Rep. Kinzinger: After 5 years of war it’s time for decisive American leadership in Syria

I’ll never forget the young girl I met in September 2014 at a refugee camp in Iraq.  She had been displaced by the Syrian civil war and her parents had just been killed by ISIS militants.  At just 13-years old, she was responsible for herself and her younger brother with cerebral palsy.  Her life was changed forever, but the strength in her eyes and the fight in her heart has stuck with me ever since.

Over the years, the Syrian civil war has severely escalated and bled its way into headlines around the world.  Peace talks have broken down, and as a result, an increasing number of innocent Syrians are dying at the hands of the ruthless Bashar al-Assad regime.

The Syrian conflict is going on five years and counting with no signs of slowing down.  More than 400,000 Syrians are dead with over seven million displaced and nearly five million taking refuge in neighboring countries.

Recently, with the support of Assad’s Russian and Iranian backers, the men, women, and children of Aleppo and Madaya have been killed by indiscriminate bombings or from starvation.

All the while, ISIS continues to sweep through the region and maintain its power.

We cannot continue to stand by and believe our policies, or lack thereof, are actually working.  It is time for decisive American leadership in Syria.

In the last seven years, there has been a decline of American leadership around the globe, which can be seen in our aimless response to Syria.  In 2011, the President was very clear that Assad must go. 

In possession of chemical weapons, Assad ignored the calls for his resignation, to ‘step aside’ ‘for the sake of the Syrian people,’ and instead attacked his own people. The Ghouta chemical attack left innocent children gasping for their last breath, paralyzing their bodies until death released them from the pain. The strike killed nearly 1,500 people and left the world with the horrific images of this inhumane brutality.

Despite sound advice from his key national security advisors, President Obama chose not to support rebels with sufficient training and equipment to take on the Assad forces. The president failed to enforce the very red line he drew, showing that the administration is not necessarily focused on a regime change in their search for a diplomatic solution. 

Today, the situation in Syria is utter chaos with Assad forces, Russian planes, Iranian militias, and ISIS fighters killing civilians.

While it may be encouraging to think the recent ‘provisional cease-fire agreement’ will provide a temporary truce in ending the conflict in Syria, I’m not entirely convinced.  During the delays in the UN-mediated talks, Syrian forces, with Russian support, continued airstrikes that killed civilians and enclosed Aleppo in attempts to cut off vital supply routes for the moderate opposition and humanitarian aid for more than 300,000 residents.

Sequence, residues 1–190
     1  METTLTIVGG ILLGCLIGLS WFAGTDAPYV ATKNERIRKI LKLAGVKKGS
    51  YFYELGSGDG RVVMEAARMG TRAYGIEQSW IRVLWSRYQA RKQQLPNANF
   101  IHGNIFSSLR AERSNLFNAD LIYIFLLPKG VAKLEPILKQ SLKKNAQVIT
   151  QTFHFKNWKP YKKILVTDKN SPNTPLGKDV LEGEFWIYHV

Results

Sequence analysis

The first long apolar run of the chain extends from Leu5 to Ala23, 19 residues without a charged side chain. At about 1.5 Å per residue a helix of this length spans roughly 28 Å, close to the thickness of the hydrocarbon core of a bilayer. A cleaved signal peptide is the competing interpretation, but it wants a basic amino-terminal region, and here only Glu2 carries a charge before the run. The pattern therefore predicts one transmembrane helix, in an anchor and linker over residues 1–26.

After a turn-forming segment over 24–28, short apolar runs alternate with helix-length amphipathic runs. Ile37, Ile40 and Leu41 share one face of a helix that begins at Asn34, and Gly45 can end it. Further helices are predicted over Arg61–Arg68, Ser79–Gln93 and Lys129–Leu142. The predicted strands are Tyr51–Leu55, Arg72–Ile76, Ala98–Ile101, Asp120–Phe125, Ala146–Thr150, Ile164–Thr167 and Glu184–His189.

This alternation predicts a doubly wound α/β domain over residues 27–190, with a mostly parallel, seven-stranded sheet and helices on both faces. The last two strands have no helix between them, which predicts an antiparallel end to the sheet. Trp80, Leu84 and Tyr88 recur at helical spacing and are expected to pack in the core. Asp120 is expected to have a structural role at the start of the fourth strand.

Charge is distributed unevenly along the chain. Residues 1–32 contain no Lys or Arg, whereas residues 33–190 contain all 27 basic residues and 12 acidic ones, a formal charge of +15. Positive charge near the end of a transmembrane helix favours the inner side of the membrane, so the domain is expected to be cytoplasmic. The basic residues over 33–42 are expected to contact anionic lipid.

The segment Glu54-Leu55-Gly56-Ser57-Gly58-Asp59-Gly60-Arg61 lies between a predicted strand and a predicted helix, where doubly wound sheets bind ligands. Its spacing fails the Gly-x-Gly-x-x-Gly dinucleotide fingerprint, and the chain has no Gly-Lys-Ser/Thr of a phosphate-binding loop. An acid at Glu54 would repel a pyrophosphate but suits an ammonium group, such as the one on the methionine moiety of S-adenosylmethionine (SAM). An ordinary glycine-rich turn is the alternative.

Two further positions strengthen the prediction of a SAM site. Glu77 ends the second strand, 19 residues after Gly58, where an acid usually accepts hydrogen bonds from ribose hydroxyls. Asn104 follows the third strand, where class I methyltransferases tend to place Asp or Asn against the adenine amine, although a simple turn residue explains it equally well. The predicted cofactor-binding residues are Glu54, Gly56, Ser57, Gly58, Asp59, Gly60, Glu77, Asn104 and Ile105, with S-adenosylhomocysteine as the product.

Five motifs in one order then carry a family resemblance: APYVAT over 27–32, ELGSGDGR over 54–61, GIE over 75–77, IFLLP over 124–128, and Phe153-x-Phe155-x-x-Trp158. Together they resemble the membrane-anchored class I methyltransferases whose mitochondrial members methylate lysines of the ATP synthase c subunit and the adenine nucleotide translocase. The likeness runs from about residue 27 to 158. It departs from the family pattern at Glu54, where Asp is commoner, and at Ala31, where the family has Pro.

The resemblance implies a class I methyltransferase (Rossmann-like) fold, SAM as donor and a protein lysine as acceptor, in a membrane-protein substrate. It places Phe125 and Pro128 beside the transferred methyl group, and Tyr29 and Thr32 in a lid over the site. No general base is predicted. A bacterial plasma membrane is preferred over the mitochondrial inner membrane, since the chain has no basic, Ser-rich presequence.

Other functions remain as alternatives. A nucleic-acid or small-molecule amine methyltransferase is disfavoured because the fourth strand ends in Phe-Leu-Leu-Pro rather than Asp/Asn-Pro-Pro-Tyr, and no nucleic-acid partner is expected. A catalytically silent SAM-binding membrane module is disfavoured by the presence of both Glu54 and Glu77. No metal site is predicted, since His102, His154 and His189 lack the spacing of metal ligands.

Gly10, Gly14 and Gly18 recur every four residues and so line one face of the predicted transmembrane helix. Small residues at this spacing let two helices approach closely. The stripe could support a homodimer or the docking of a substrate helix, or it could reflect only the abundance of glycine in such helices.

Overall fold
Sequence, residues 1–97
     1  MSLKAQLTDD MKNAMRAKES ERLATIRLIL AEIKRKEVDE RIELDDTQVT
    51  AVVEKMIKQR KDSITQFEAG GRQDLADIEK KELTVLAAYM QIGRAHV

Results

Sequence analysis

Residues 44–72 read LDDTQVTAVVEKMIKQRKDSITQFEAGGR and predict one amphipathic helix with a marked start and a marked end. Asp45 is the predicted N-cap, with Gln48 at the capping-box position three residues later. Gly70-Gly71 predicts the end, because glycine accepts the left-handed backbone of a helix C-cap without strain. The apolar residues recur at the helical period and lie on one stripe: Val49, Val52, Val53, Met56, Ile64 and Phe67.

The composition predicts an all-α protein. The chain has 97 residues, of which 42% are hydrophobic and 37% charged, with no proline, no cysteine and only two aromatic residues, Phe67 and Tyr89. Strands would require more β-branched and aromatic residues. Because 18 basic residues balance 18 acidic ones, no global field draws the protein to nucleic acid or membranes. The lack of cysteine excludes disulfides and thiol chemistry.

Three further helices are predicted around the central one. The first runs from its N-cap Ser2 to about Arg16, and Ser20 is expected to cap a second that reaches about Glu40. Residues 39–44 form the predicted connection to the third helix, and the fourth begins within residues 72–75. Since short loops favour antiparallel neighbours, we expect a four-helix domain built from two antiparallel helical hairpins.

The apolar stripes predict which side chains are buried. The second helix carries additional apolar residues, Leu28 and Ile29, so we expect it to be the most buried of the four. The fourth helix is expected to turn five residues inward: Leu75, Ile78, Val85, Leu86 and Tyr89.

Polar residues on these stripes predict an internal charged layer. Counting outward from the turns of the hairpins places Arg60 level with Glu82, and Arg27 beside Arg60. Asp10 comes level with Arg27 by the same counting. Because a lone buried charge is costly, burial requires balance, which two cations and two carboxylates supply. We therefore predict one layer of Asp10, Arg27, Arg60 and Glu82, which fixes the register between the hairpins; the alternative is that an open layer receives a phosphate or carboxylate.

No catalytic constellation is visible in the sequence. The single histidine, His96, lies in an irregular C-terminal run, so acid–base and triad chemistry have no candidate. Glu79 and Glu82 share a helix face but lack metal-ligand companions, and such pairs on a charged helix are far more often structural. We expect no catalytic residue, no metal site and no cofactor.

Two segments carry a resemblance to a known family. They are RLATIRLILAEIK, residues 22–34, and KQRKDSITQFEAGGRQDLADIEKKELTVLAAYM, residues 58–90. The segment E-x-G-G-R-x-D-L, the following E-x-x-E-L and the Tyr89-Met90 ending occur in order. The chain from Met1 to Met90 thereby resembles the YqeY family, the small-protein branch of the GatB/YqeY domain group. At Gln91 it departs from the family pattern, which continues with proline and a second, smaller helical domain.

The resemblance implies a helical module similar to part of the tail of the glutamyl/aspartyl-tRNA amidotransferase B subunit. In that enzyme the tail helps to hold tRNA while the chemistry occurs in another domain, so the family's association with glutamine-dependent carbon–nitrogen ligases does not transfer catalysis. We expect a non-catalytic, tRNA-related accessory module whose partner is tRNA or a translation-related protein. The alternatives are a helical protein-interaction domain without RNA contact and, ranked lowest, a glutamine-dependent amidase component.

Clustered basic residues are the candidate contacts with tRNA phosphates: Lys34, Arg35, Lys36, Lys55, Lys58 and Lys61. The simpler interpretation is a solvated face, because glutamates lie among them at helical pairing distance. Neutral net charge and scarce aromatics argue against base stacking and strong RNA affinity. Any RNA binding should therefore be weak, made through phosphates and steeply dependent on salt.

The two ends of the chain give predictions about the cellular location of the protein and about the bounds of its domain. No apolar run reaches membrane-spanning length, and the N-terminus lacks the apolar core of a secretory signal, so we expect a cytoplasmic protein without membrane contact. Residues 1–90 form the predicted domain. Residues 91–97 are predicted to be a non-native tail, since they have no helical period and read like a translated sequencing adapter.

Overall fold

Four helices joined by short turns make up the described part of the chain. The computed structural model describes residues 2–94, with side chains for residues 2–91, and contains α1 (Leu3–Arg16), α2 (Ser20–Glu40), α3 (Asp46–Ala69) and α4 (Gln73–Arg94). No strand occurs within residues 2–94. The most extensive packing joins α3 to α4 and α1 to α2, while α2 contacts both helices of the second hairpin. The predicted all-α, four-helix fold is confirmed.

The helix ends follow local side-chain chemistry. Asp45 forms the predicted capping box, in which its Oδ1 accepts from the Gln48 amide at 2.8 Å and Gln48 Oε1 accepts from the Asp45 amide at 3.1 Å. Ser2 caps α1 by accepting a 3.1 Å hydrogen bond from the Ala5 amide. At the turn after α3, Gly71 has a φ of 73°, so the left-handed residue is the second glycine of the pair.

Given Russia’s involvement in the past and its interests in having Assad in power, we cannot honestly trust Russia or believe that a peaceful solution will hold.

Russian planes have bombed hospitals, classrooms, and other civilian targets.  This targeting is a gross violation of international law and not the behavior of a country interested in a peaceful solution in Syria.  President Obama attempted to work with Russian President Vladimir Putin at the G20 summit in 2012 to put an end to violence in Syria.  When a deal could not be reached, the Obama administration should have recognized the true nature of the Russian agenda.  I honestly believe Russia is interested in rebuilding the Soviet empire and propping up their dictators in the Middle East.  This ceasefire allows Assad to stay in power – and there is no future for Syria with Assad and his brutal regime in control.

Rather than kowtowing to Russian demands, the United States should exert leadership in Syria.  The United States needs to employ a no-fly zone or create a safe zone in order to protect civilians from further barrel bombing attacks. 

As a member of the U.S. Air Force, I flew jets in Iraq and Afghanistan and I know that a no-fly zone could go a long way towards protecting civilians.  It would also open up the routes for humanitarian supplies to reach those in need and stem the flow of asylum-seeking refugees.  The status quo is not sustainable anymore.

President Bill Clinton once said that the greatest regret of his presidency was inaction in Rwanda. I fear that our greatest regret, both for this president and this Congress, will be inaction in Syria.  Whether it’s chemical weapons attacks, sniper attacks, starvation, or refugees drowning on their way to safety, the reality is that ordinary Syrians and Syrian children are dying at the hands of Bashar al-Assad, Ayatollah Khamenei, and Vladimir Putin.

I believe America was created with a fundamental mission to be an example for human dignity and strength.

As the U.S. forgets this mission, the door is open for others to fill the void, which leads to disastrous results for the global community. 

When it comes to Syria, we cannot continue to employ a listless response and allow civilians to suffer under the barbarism of Assad. 

If we do not live up to our moral obligation as Americans to employ strong global leadership, history will judge us on our inaction.